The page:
Differences in affective learning and perceived immediacy of instructor between traditional college classrooms and classrooms incorporating student use of computer-mediated communication
Date of Award
Ph.D. in Educational Leadership
Department of Educational Leadership
The purpose of this quasi-experimental study was to determine whether community college students enrolled in Interpersonal Communication who utilize the technological aid of computer-mediated communication in the classroom have different perceptions of their affective learning and their instructor's immediacy than do students who do not utilize computer-mediated communication in the classroom. The methodology used to address the issue was a post test-only control group design, with students completing the affective learning scale, the nonverbal immediacy scale, and the verbal immediacy scale. Results showed no significant differences were found between the treatment and control groups on either immediacy scale (verbal or nonverbal). Significant differences did exist between the treatment and control groups for affective learning. Correlation findings showed that affective learning was significantly correlated to verbal immediacy. Also, nonverbal immediacy was significantly correlated to verbal immediacy. Affective learning was also correlated to nonverbal immediacy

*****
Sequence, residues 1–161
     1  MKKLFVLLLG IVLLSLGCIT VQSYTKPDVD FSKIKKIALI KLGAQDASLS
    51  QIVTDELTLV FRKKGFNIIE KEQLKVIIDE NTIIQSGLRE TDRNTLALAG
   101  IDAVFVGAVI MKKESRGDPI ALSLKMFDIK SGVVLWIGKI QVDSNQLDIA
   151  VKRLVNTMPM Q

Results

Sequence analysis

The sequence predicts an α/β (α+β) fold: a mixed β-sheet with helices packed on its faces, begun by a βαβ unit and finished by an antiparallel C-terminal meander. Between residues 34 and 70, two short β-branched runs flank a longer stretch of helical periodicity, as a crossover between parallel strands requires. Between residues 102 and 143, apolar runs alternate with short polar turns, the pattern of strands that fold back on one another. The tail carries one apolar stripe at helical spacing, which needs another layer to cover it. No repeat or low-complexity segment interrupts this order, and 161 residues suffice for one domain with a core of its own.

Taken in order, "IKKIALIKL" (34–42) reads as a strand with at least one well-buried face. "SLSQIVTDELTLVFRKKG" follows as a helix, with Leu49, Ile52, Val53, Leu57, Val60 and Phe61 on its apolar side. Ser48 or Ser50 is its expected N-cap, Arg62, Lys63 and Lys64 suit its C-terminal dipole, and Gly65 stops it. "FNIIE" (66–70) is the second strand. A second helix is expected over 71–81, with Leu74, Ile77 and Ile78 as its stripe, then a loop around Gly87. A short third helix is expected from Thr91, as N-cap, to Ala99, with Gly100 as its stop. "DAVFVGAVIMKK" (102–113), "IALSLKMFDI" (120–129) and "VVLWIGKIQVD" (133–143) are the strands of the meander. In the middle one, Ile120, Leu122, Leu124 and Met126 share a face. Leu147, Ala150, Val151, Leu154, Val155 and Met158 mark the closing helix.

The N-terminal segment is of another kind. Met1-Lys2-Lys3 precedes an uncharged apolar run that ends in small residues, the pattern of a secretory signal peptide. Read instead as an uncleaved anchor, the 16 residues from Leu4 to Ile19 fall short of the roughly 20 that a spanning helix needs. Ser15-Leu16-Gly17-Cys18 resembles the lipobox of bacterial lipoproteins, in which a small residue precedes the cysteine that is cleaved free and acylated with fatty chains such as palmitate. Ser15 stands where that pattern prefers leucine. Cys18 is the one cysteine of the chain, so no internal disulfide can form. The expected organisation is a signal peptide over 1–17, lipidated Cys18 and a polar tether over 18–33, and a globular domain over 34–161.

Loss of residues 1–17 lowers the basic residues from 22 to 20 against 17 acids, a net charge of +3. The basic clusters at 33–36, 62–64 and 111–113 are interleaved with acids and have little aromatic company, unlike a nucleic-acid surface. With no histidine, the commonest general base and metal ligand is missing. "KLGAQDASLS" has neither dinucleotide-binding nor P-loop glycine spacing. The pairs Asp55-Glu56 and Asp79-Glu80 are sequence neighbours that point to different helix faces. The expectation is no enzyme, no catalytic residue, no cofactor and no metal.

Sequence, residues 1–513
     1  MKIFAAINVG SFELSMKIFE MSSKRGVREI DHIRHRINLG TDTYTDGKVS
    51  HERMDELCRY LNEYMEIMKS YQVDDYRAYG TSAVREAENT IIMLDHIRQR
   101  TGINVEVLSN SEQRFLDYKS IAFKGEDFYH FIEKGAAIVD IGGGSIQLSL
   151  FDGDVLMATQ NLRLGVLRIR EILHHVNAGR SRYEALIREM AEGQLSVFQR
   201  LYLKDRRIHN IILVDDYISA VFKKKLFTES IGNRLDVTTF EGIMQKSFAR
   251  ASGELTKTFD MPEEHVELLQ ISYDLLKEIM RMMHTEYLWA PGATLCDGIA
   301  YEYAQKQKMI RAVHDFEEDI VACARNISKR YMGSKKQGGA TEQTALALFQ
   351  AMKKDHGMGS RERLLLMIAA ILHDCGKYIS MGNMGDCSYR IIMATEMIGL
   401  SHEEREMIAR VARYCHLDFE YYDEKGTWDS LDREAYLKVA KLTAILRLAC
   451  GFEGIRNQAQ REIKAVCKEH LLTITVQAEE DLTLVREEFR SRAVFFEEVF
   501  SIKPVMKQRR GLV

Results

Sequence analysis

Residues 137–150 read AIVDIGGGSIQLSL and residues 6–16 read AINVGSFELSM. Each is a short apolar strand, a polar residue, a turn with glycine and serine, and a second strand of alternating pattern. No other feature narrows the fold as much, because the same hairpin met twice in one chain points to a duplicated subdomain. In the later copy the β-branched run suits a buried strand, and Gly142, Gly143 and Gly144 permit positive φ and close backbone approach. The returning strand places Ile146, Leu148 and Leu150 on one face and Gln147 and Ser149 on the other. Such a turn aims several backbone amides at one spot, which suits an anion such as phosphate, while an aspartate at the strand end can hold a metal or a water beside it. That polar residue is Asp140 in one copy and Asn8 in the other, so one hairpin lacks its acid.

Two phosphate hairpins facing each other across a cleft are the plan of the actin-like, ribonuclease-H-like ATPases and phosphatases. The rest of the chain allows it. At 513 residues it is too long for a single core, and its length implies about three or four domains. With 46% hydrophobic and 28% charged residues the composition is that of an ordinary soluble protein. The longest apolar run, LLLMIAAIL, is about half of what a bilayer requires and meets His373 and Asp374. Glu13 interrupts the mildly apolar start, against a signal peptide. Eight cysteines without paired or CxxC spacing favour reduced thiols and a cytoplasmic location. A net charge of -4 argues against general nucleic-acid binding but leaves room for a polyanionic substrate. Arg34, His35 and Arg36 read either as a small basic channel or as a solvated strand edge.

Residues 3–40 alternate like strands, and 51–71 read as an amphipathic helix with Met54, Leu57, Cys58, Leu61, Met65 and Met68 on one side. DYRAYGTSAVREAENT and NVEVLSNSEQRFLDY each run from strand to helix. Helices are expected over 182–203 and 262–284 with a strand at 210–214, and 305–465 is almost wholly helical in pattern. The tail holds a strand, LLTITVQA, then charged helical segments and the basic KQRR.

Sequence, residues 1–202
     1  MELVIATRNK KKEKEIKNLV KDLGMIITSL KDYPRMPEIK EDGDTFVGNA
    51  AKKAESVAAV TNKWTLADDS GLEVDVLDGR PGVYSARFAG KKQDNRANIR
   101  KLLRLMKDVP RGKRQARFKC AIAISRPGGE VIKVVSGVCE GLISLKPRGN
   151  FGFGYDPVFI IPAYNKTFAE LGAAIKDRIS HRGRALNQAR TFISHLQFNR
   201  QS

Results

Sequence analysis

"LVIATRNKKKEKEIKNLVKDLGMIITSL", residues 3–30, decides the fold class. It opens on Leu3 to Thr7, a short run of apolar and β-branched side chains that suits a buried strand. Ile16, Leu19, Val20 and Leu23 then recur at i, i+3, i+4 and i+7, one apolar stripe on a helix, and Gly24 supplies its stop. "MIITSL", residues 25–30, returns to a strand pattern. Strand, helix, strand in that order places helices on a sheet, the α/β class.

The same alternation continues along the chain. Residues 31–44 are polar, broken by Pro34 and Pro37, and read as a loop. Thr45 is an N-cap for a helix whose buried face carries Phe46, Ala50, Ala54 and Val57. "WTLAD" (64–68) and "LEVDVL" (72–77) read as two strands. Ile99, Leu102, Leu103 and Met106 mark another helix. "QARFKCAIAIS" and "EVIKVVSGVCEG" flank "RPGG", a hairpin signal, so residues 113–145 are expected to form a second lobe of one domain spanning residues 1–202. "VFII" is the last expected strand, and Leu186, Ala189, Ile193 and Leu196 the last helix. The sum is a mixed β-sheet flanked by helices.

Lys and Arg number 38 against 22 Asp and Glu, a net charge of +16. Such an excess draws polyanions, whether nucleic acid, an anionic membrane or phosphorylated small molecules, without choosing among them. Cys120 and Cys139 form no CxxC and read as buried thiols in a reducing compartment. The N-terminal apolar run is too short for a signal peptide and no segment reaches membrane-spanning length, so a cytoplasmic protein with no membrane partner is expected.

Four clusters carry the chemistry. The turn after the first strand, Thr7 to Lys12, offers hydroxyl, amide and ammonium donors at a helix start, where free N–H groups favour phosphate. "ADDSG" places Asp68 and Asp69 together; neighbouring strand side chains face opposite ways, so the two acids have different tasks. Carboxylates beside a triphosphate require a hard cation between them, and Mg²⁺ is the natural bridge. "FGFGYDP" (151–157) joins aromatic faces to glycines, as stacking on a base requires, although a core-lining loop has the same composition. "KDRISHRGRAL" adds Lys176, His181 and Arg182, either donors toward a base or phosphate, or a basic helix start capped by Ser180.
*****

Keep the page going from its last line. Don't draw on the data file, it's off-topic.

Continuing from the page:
Interaction analysis in education, Affective education, Nonverbal communication in education, Interpersonal communication Computer-assisted instruction, Interpersonal communication Study and teaching (Higher), Community college students Education, College students Education
Copyright 2005, author
Zakel, Lori, "Differences in affective learning and perceived immediacy of instructor between traditional college classrooms and classrooms incorporating student use of computer-mediated communication" (2005). Graduate Theses and Dissertations. 12.